1661 Worcester Road, Suite 204, Framingham, MA 01701 • Phone: 508-232-6267
1661 Worcester Road, Suite 204, Framingham, MA 01701
By Laura A. Demerle, Esq.
As we all have come to know, bad things happen sometimes. Often, these random acts of nature or little mistakes we make ourselves can end up being bigger problems. When it comes to those unfortunate events, homeowners rest assured knowing their insurance policy is there to cover it. After all, that's why we pay the premiums. More often than most realize, however, those little problems that become big messes may be someone else's fault. For instance, when a dishwasher leaks, it could have happened because the dishwasher itself was defective, or because it was not properly installed, or because it was incorrectly maintained, or because it was just old. Depending on the circumstances, when such a leak happens, your insurance company may want to find out who was at fault and, if not the homeowner, hold them accountable. As the insured homeowner, you can help your insurer (and help yourself get back your deductible and other out of pocket expenses) by making sure the evidence of the loss is properly preserved to prevent spoliation of evidence.
Spoliation of evidence is the destruction of evidence, whether innocently or intentionally. Lack of evidence in a homeowner's claim may prevent the insurance company from recovering its losses from a negligent manufacturer, seller, installer, builder, subcontractor, plumber, or other party responsible for the homeowner's damages.
How does spoliation occur? Most often, spoliation occurs when a homeowner attempts to repair a problem himself or herself. Imagine you purchased a new dishwasher from a big box store, had it delivered and installed by a licensed plumber. When you used the dishwasher for the first time, it leaked and caused water damage to your kitchen. Perhaps the water even leaked through the floor and into your newly finished basement. You called the plumber to fix the problem, and he did. This is potential spoliation of evidence. Wait, what? How did I spoliate the evidence just by getting the problem fixed? When the plumber came to fix the dishwasher, the plumber may have repaired a leaky hose, or replaced a faulty gasket, or replaced the dishwasher entirely. Isn't that what plumbers are supposed to do? Yes, absolutely. And you, the homeowner, are within your rights to make sure the most expensive asset you own (your home) is safe and secure.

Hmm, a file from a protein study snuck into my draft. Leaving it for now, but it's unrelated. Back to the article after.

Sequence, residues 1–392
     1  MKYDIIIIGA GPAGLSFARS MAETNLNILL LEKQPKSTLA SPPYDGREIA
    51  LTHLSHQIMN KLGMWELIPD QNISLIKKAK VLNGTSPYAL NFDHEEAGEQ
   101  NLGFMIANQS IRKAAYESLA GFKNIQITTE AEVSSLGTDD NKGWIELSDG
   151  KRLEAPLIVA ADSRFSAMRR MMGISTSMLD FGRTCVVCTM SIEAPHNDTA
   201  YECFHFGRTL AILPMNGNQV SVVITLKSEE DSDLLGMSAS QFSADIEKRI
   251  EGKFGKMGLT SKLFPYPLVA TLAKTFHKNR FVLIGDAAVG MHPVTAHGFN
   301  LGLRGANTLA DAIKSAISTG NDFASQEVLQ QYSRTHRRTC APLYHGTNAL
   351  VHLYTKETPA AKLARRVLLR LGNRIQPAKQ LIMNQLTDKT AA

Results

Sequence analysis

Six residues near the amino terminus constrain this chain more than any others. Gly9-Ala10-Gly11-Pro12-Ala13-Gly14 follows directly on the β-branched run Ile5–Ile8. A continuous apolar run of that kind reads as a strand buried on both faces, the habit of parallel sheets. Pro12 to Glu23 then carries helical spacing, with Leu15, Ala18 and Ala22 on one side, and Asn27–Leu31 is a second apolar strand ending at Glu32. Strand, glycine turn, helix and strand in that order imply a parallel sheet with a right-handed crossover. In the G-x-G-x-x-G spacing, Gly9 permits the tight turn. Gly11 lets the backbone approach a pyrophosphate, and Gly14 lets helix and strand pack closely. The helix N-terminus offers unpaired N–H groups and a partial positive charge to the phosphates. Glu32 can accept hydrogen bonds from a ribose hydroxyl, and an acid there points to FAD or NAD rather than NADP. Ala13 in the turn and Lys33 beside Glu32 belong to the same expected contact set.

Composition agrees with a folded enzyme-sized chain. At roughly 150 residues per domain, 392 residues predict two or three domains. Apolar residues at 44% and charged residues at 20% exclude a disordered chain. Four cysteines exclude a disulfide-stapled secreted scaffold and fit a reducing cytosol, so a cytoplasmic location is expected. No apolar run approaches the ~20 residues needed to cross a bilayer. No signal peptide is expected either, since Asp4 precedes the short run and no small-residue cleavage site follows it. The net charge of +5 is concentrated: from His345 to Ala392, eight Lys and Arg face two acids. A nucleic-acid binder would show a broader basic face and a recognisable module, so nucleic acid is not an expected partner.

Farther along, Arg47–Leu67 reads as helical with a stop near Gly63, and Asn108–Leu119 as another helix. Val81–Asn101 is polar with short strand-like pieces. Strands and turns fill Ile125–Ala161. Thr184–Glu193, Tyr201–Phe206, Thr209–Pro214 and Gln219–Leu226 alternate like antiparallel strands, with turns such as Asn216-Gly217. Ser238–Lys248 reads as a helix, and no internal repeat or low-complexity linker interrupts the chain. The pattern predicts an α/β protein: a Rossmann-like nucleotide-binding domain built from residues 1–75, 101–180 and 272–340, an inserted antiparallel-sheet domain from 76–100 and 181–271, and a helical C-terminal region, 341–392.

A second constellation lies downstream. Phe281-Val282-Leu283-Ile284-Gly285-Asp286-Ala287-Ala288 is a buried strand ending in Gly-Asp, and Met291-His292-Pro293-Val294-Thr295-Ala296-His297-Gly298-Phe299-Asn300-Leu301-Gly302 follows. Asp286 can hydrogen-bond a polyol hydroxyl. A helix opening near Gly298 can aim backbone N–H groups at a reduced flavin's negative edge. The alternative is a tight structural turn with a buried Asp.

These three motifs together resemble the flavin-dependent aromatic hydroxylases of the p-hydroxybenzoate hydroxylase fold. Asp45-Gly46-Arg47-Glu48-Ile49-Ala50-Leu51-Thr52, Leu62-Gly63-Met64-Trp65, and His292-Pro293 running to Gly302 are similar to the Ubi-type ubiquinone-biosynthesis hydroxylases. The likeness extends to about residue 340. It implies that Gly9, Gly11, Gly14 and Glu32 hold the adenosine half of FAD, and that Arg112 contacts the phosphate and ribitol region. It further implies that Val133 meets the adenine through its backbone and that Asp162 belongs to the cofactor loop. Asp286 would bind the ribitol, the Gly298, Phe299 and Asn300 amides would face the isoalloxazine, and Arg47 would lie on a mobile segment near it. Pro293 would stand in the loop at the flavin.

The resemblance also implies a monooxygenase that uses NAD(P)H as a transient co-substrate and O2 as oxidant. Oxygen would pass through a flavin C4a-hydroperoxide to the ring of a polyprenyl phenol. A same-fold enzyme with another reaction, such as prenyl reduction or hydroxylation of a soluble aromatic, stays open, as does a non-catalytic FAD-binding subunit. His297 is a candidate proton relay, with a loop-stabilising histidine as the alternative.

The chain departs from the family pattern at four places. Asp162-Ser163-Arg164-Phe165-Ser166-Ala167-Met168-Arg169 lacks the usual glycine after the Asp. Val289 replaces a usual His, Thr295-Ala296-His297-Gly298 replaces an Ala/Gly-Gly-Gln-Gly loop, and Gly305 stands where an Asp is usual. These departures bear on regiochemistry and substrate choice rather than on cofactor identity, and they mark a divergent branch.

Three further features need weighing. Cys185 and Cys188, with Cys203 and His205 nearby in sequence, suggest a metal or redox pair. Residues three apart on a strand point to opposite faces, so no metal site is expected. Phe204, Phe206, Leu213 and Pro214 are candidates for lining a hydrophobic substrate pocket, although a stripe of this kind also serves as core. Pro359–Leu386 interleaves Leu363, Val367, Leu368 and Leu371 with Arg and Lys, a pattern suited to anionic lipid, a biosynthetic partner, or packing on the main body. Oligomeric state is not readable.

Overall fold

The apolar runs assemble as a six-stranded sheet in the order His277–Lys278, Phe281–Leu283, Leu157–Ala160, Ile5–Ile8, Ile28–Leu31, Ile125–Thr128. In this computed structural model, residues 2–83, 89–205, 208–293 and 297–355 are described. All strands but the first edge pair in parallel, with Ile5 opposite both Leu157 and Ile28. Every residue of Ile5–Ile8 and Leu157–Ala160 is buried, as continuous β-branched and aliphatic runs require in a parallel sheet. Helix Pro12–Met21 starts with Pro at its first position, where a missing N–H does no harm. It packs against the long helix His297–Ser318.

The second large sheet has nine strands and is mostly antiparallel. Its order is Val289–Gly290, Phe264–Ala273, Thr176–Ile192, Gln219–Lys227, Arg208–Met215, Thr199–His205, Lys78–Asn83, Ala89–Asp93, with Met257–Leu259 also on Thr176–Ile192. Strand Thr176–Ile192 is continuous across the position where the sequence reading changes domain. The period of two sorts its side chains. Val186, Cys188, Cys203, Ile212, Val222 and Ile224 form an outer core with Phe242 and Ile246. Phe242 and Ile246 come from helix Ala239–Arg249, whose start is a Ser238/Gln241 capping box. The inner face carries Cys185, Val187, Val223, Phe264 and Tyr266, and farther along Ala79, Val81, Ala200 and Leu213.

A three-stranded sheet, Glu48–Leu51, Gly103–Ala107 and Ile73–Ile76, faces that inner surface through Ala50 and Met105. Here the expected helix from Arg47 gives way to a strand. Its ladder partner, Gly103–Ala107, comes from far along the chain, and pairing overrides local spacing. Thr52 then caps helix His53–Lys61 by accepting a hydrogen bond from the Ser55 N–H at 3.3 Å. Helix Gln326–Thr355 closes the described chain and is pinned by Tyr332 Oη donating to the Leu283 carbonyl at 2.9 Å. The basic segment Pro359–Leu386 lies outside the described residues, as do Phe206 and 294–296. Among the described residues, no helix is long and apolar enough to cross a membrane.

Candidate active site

Why is it so important that evidence be preserved in a case like this? Once the leak was fixed and you took a look around at the damage you most likely called your homeowner's insurance carrier to file a claim to fix the ruined kitchen floor and basement. And as it should, your insurance company paid your claim. Once the proverbial (and literal) dust settles, however, your insurance company is going to attempt to recover its losses (the money it paid you) from the person or company actually responsible for the damage to your home. Unless the problems you had with the dishwasher were thoroughly documented and the evidence preserved, either by keeping the part that was replaced or the appliance itself, it is possible your insurance company will not be able to recover the money it paid you for the damage to your home. The potentially responsible parties (the manufacturer, seller or installer) will assert a defense of spoliation of evidence purely as a tactical matter. They will claim the dishwasher was not defective or the work they did was not the problem; and now the evidence of that may be ruined.
How do I preserve the evidence? To avoid the possibility or suggestion of spoliation of evidence claims, the homeowner should immediately contact their homeowner's insurance company, even before the repairs are made, if possible, and provide a detailed description of each and everything that has transpired. In this case, for example, you might also provide photographs or videos of the dishwasher, the leaking water, the water in your home. If a part was replaced, photograph the part and keep it in a plastic bag or a box - do NOT let the plumber or service person take it with them. If they insist on taking the part for warranty or exchange purposes, let your insurance company know this before it leaves your property. Also, it is important to save invoices for the sale of the appliance showing where it was purchased, who delivered and/or installed the appliance and any detailed invoices of service performed on the appliance since the date of purchase.
Lesson learned? A homeowner always hopes nothing bad happens to their home. But if it does, one of the first telephone calls you make should be to your homeowner's insurance carrier.
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